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- Mongolia Reloaded
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Monday, June 29, 2009
93 Posts - Cycling Bits - South Korea - Cycling, Friends, Family
Started off with a ride into Ansan to see a doctor, then sushi rolls (California) for lunch, and we set off on a rather unexpected, fun cycle across southern fringes of Seoul, South Korea. The plan was to ride as far as Seongnam City (from Southwest to Southeast Seoul) via Suwon, Yongin, Suji, Bundang, and into Yatap-dong. We managed just that in about 4-5 hours and arrived 5 minutes before the Express Bus was leaving for Shiheung City. Unfortunately, the name Shiheung is ubiquitous with surrounding areas known as Shiwa or Gongdan (factory zones) and there are other places that stretch many Kilometers going by this name. Street names (Gil in Korean) are meaningless in Korea, everything is organized into zones or villages with a general area marked as a "Dong" or "Gu" or "Si" which translates into village area, greater village and city. It's difficult at first to navigate this way, but highways intersect these places and roads go everywhere like a web (a grid in the West), so GPS navigation is popular in 99% of the cars on the road in South Korea. I prefer the mental map maker which isn't always so reliable, but generally, I can still get around on foot, cycles or the smog-machine, a Kia Sephia. We went cycling about on this Monday Mission but I was turned back with the giant cruiser bike, it didn't come close to fitting under the older Express Bus. The driver was grouchy and looked on with disapproval as I pondered and tried to shove the heap into the tiny porthole beneath the carriage. No way possible! ^^. Time to huff it back to Shiheung City. I urged Brian my good friend to take his ticket and we loaded his tour bike easily with the front wheel removed. My mother of a bike had steel lugs and I wasn't carrying the proper tools to dismantle it...with no time to spare, back to the subway station for a short ride south to Jukjeon Station. And off into the night I went with two 5Watt lights flashing bright, and the Catseye tail light doing a great job keeping me lit up, I took off down the cross-town traffic route with a facemask to blog some of the grit and diesel carbon that likes to lodge in my head. ^^. Cycled for about 40Kms and switched back to subway and rode the last leg back into Jeongwang Station. Covering 100Km for the day (+- a few), was happy to be back home around 10pm. Then the search for Brian began, since he took the Express Bus should have been back home by about 9pm. He turned up finally, calling me about 12:30am while I continued my search after interviewing many Koreans at Emart and finally going into the police station, my phone rang, it was Brian!!! ^^OMG, what a day!!!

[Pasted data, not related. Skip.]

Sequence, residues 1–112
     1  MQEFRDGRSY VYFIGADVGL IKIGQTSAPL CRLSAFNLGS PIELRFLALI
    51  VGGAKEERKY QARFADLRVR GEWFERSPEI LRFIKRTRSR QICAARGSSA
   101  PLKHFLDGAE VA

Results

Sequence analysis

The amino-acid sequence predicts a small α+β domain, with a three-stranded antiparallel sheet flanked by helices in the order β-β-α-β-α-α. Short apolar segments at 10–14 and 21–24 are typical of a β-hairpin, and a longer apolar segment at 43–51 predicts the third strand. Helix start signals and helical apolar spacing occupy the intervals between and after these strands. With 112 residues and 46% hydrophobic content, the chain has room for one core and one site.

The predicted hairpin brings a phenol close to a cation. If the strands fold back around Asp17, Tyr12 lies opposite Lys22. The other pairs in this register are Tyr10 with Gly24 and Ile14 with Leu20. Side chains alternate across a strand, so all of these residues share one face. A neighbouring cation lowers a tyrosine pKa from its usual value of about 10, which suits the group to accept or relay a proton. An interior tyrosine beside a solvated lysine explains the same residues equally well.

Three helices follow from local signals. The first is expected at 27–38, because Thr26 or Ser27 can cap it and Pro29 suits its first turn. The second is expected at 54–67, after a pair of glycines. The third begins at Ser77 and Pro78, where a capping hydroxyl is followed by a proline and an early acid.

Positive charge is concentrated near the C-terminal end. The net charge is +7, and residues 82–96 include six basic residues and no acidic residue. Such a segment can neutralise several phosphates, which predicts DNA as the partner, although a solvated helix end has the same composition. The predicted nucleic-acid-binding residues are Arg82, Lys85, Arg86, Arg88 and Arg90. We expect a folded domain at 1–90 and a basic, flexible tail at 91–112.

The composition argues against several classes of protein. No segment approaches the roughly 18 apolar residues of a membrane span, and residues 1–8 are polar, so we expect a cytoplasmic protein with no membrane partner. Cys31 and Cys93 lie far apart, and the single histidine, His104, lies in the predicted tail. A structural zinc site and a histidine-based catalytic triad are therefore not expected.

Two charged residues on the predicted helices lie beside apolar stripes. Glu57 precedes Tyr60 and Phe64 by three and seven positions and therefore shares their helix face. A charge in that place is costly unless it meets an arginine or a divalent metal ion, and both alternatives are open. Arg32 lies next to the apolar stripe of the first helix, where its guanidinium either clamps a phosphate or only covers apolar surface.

About the Korean-World Author
Brian has completed his second mountain bike journey, MongoliaX expedition - Crossing Mongolia 2012, an unsupported mountain bike MTB expedition across 2500km of Outer Mongolia from Ulanbaatar to Altai Taven-Bogd National Park bordering China, Russia and Mongolia.
In 2013, as a sequel to a trilogy of cycle tours, Brian enjoyed a more leisure bicycle tour onboard his Koga-Miyata World Traveller seeing the northern tier of the United States and western Canada covering 3400 kilometers / 2000 miles in 30 days. This North American cycle tour was called Totherocktour. Enjoying the adventure of bicycle travel and every great conversation started while traveling on the road - has refueled his inspirations to cycle around the Earth. In 2013, while he cycled solo from the Great Lake State of Michigan, United States to Banff National Park in the Canadian Rocky Mountains. He weaved through local communities and reconnected with friends, family and community after spending almost a decade in Asia.
Brian is now supporting several non-profit foundations through expeditions: IDEAS Foundation of Canada IDEAS is the acronym for Intestinal Disease Education and Awareness Society which supports the IBD community, those suffering from IBD-inflammatory bowel disease, also known as Crohn's and Ulcerative Colitis.
Thanks for visiting my Journal from Asia
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